Mitchell, 27, ran onto the pitch during the second-city derby in England’s second-tier on Sunday and punched Aston Villa star Grealish.

The Villa captain was knocked to the floor, but then had the last laugh as he went on to score the winning goal in a 1-0 victory.

[ MORE: Grealish reacts to being punched ]

Birmingham City have released a statement on the fan being jailed.

“Birmingham City Football Club welcomes the sentence handed down to Paul Mitchell by Birmingham Magistrates today. What he did was unacceptable and has no place in football. The Club can confirm that Mr Mitchell is banned from our home ground, the St. Andrew’s Trillion Trophy Stadium, for life. And nor will he have access to purchase tickets for away games involving Birmingham City Football Club, or have tickets purchased on his behalf.”

“The Club has also banned another supporter for life for a series of vile and malicious Tweets on social media, relating to Jack Grealish and his family. The individual in question remains the subject of an ongoing investigation by West Midlands Police.”

Click play on the video above to watch the shocking incident, as three separate incidents involving fans running on the pitch took place over the weekend in the UK.

Glasgow Rangers James Tavernier was confronted by a Hibernian fan in Edinburgh on Friday, while Man United’s Chris Smalling was barged into by an Arsenal fan who ran onto the pitch at the Emirates Stadium in celebration on Sunday.

Players must shun pitch invaders or risk more on-field attacks

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Over the past few years, pitch invaders have become a constant bane of stadium security in the game across the world. The stewards guard the sideline and give chase when needed, but the publicity received often sways those bold enough to jump the fence.

Fortunately, the tamer version of the events largely outnumber the more aggressive ones, but no matter how sparse, the violent incidents are reprehensible in a manner that makes them inexcusable. The players are exposed on the field, and pitch invaders who evade immediate capture pose a significant threat if filled with ill-intentions.

Consider the incident with Jack Grealish on Sunday morning. The Aston Villa star, captaining the side for the first time, was rushed by a fan in the stands who sucker punched the 23-year-old in the head from behind. Grealish did not see it coming, and it is by nothing outside of blind luck that the punch was not more devastating.

Now consider the possibilities of a violent pitch invader reaching a player with a more sinister instrument besides his bare fist. If fans can sneak pyrotechnics into a stadium, they surely can work in a knife or a shiv or something worse. Just a single occurrence of that nature would send shockwaves through the soccer community and undoubtedly result in sweeping changes in stadium security and fan access to the game.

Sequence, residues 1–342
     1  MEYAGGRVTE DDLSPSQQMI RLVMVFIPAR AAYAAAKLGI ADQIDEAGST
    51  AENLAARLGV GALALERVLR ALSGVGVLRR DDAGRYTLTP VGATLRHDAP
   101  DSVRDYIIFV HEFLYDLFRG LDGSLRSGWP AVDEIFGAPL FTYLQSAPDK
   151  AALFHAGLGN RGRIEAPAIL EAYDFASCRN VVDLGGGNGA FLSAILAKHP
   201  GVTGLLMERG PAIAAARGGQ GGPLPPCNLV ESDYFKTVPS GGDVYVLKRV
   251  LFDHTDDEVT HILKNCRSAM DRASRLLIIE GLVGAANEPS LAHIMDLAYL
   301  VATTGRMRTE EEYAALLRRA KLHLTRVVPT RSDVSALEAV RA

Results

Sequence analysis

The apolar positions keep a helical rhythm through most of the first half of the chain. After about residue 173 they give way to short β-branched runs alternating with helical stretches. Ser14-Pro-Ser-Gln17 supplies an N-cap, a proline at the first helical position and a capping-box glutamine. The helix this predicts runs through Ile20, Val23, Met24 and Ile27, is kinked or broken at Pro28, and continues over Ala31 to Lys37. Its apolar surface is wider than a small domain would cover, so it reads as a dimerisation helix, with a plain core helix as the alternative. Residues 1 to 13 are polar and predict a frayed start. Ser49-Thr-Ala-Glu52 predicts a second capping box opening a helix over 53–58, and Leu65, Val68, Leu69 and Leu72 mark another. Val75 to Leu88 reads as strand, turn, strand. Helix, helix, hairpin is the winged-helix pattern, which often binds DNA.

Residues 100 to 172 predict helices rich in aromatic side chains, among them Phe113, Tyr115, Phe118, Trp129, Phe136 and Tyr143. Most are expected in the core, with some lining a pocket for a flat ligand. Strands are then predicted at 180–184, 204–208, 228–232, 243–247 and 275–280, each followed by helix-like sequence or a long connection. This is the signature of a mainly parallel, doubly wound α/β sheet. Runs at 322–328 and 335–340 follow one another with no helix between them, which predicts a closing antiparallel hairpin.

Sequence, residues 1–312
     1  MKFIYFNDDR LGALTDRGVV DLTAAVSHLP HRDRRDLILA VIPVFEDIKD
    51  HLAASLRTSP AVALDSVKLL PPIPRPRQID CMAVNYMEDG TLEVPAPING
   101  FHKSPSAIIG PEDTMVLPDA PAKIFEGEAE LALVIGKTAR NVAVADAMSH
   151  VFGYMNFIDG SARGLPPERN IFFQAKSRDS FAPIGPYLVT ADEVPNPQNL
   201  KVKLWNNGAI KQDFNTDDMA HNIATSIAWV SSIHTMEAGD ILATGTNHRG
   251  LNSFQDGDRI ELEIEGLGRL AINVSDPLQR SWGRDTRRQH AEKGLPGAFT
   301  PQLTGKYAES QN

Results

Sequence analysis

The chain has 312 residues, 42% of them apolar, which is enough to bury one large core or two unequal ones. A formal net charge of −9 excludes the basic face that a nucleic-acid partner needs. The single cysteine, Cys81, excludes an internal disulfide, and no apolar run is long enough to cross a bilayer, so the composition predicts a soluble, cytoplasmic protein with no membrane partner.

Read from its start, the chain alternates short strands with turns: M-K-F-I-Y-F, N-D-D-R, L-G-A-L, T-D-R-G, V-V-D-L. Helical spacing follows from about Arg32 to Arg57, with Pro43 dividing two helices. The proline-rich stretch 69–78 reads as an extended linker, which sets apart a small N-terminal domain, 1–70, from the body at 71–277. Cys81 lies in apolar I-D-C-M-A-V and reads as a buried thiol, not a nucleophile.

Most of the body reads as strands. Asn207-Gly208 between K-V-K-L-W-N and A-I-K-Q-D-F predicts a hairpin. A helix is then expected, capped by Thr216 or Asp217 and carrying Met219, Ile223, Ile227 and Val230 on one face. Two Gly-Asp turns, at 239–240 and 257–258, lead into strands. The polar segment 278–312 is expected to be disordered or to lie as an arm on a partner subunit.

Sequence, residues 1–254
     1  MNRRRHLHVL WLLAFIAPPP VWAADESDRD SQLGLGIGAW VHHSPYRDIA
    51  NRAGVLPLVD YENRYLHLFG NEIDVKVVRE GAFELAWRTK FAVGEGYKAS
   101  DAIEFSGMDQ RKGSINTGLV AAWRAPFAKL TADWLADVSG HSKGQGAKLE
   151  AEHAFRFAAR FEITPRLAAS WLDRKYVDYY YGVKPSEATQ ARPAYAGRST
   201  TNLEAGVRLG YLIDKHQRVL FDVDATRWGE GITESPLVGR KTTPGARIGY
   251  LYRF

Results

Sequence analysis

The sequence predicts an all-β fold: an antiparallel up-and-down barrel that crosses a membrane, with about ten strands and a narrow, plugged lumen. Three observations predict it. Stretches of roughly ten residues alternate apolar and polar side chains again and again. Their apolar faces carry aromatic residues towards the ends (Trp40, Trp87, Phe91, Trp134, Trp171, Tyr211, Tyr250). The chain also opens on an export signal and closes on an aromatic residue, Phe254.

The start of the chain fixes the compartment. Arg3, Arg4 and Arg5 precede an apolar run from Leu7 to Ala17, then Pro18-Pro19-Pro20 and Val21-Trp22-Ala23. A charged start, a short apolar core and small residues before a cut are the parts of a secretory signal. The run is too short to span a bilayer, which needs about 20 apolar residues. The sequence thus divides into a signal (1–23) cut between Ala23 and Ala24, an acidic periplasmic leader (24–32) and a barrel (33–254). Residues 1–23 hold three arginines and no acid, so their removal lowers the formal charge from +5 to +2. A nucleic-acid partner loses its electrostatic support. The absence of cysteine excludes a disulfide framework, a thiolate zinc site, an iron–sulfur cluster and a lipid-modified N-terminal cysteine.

So what has buoyed fans to run onto the pitch at such a rate? Consider the aforementioned tamer versions of these incidents. Players with worldwide star power like Neymar, Lionel Messi, and Cristiano Ronaldo have all faced pitch invaders with clearly harmless intentions in the recent past, and have treated them with kindness, often interacting in a positive manner with these folks, even occasionally offering to take a selfie, sign their shirt, or give up their own clothing or gear. Often times those running onto the pitch are children, hoping to earn a moment with their lifelong idol, unaware to fully grasp the true extent of the consequences.

While those moments are precious and make for beautiful opportunities to praise the graciousness of the players, they have potentially ugly side effects. As the benign pitch invaders make waves across the viral community, it serves to spark and embolden those who may have more malicious intentions. In the end, it is impossible to know the true nature of a pitch invader’s intent until they reach the player they intend to target.

Players, therefore, have a responsibility to their fellow athletes to turn away and shun pitch invaders and allow stewards and security officials to do their job protecting those exposed on the field. As unfortunate as it is, the days of adorable moments between players and pitch invaders should end soon, or the game risks the safety of its players and the relatively generous access to their favorite clubs and role models they enjoy these days.

Pitch invasion has no place in the game of football, innocuous or otherwise, and when stadium security fails as the first line of defense to protect those on the field, it falls to the players to stop glamorizing the attention-seekers and do their best to dissuade any more violent encounters.